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[P]
Why geeks love Lego

By DeepDarkSky in Op-Ed
Tue Mar 27, 2001 at 03:30:26 AM EST
Tags: Culture (all tags)
Culture

Ok, so this piece is a generalization and is not all that useful, informative, insightful, funny, or thought provoking. But I have come to a simple conclusion why geeks, especially computer geeks, love playing with Lego: Legos are physical digital elements (pixels/voxels).


When you work with computers, especially if you work with computer graphics, you are dealing with pixels. Digital computers (which is what almost all of the computers nowaday are) need to digitize data. Read Nicholas Negroponte's Being Digital. Digital computers digitize all the analog signals around us - pictures, sounds, ideas, etc. Geeks who love to use computers to manipulate bits are using a powerful tool to create and modify things in a virtual world that models the real analog world.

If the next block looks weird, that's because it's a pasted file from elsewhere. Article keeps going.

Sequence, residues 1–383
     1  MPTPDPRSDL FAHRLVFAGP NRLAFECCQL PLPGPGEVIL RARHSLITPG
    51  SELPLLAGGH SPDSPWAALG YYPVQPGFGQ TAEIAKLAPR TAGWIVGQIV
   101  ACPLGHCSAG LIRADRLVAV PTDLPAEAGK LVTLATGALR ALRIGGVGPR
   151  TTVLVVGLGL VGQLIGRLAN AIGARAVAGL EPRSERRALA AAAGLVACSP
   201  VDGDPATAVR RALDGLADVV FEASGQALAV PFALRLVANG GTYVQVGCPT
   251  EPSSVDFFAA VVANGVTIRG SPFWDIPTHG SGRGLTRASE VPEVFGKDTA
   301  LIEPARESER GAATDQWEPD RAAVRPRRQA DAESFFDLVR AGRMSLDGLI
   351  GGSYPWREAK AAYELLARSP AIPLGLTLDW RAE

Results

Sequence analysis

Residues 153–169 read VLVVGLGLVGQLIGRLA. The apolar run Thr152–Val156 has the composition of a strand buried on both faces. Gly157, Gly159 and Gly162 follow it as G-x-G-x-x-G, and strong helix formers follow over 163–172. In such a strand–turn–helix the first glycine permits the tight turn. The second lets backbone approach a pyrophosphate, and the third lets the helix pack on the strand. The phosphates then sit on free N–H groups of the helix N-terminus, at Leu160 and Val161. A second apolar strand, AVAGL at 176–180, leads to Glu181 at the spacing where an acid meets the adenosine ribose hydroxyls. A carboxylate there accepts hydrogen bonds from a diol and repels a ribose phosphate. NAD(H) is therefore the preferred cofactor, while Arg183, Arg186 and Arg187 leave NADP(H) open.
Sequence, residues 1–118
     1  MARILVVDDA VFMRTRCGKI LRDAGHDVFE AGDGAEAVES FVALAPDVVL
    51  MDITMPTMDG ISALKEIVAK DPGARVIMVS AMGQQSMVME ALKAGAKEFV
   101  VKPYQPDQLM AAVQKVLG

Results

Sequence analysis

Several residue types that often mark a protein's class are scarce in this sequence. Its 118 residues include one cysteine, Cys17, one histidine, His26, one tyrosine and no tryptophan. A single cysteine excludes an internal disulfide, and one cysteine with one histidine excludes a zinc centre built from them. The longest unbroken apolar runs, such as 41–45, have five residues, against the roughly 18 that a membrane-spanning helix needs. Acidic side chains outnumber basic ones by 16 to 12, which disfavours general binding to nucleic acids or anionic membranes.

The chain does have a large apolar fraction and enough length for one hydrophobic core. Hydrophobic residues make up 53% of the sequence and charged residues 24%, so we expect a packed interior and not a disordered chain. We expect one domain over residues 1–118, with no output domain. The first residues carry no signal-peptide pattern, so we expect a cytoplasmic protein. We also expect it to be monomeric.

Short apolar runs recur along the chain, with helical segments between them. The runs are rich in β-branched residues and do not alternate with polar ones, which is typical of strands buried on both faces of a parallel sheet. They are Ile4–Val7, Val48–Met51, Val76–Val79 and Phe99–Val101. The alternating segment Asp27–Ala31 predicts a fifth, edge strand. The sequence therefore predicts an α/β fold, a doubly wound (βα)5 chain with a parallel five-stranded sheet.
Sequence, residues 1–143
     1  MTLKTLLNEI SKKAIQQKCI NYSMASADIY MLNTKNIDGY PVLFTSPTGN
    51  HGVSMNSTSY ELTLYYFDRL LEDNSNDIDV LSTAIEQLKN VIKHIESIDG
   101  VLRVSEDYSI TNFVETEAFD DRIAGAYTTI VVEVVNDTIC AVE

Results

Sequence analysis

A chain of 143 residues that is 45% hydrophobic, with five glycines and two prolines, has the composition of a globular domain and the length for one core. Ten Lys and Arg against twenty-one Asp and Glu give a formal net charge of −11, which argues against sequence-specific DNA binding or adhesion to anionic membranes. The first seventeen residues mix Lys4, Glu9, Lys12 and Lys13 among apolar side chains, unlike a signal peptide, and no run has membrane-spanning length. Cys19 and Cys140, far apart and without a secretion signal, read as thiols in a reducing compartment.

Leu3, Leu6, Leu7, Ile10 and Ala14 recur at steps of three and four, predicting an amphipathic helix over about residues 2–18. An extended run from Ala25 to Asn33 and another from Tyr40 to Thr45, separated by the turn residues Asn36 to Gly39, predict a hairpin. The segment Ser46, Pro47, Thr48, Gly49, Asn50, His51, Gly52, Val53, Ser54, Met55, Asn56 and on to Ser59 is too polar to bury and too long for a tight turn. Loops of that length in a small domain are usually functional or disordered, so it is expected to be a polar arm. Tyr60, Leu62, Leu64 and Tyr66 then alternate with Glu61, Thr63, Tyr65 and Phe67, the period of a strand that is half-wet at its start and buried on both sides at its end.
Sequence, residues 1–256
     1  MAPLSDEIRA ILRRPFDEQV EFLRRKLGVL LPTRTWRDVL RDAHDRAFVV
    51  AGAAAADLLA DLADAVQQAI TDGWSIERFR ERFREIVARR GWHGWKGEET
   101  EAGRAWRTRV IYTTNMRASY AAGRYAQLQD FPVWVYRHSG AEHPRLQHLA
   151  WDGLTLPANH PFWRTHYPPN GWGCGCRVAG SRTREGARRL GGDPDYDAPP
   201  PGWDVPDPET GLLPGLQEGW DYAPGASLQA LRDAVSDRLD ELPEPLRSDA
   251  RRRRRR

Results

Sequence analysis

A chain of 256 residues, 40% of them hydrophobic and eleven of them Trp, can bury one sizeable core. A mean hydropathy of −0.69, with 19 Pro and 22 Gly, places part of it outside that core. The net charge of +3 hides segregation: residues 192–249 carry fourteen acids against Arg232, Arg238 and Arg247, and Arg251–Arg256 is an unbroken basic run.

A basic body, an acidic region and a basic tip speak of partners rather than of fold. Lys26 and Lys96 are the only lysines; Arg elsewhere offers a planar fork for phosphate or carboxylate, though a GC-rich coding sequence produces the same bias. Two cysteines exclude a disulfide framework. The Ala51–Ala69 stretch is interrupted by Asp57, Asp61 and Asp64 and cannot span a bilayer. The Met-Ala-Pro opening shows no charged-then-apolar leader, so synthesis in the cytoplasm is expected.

Digital building blocks allow us to assemble many different things quickly and with great flexibility. However, not being about to touch your creation still leaves you with a kind of empty "feeling" (pun intended). Imagine if you could not only see Lara Croft's 34D bust, but (gasp!) touch it as well.

What does this have to do with Legos? Are Lego's usually wholesome? Why am I bringing up Lara Croft's bust? No reason except to put in that last link, in case anyone missed it the other times.

Anyway, I digress.